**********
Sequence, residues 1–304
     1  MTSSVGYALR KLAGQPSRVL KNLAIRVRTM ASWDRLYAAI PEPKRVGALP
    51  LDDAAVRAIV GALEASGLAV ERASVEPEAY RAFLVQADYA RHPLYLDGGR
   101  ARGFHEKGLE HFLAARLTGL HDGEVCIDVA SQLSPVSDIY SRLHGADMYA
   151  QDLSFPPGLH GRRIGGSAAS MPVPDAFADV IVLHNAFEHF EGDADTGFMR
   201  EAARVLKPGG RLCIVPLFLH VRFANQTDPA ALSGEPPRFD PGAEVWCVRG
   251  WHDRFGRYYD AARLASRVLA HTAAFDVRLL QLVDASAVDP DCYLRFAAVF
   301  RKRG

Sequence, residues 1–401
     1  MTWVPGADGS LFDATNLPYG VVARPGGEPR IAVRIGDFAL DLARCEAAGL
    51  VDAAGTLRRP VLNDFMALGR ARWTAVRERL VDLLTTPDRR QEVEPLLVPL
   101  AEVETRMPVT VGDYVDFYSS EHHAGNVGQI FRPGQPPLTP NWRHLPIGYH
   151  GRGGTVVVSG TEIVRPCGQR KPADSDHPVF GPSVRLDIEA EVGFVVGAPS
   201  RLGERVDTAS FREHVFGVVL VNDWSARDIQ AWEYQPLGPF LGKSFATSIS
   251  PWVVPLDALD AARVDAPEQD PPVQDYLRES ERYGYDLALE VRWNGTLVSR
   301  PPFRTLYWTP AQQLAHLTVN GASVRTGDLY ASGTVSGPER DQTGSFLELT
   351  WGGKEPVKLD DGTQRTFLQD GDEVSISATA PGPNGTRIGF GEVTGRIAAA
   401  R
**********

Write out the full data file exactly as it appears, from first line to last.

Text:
Sequence, residues 1–304
     1  MTSSVGYALR KLAGQPSRVL KNLAIRVRTM ASWDRLYAAI PEPKRVGALP
    51  LDDAAVRAIV GALEASGLAV ERASVEPEAY RAFLVQADYA RHPLYLDGGR
   101  ARGFHEKGLE HFLAARLTGL HDGEVCIDVA SQLSPVSDIY SRLHGADMYA
   151  QDLSFPPGLH GRRIGGSAAS MPVPDAFADV IVLHNAFEHF EGDADTGFMR
   201  EAARVLKPGG RLCIVPLFLH VRFANQTDPA ALSGEPPRFD PGAEVWCVRG
   251  WHDRFGRYYD AARLASRVLA HTAAFDVRLL QLVDASAVDP DCYLRFAAVF
   301  RKRG

Sequence, residues 1–401
     1  MTWVPGADGS LFDATNLPYG VVARPGGEPR IAVRIGDFAL DLARCEAAGL
    51  VDAAGTLRRP VLNDFMALGR ARWTAVRERL VDLLTTPDRR QEVEPLLVPL
   101  AEVETRMPVT VGDYVDFYSS EHHAGNVGQI FRPGQPPLTP NWRHLPIGYH
   151  GRGGTVVVSG TEIVRPCGQR KPADSDHPVF GPSVRLDIEA EVGFVVGAPS
   201  RLGERVDTAS FREHVFGVVL VNDWSARDIQ AWEYQPLGPF LGKSFATSIS
   251  PWVVPLDALD AARVDAPEQD PPVQDYLRES ERYGYDLALE VRWNGTLVSR
   301  PPFRTLYWTP AQQLAHLTVN GASVRTGDLY ASGTVSGPER DQTGSFLELT
   351  WGGKEPVKLD DGTQRTFLQD GDEVSISATA PGPNGTRIGF GEVTGRIAAA
   401  R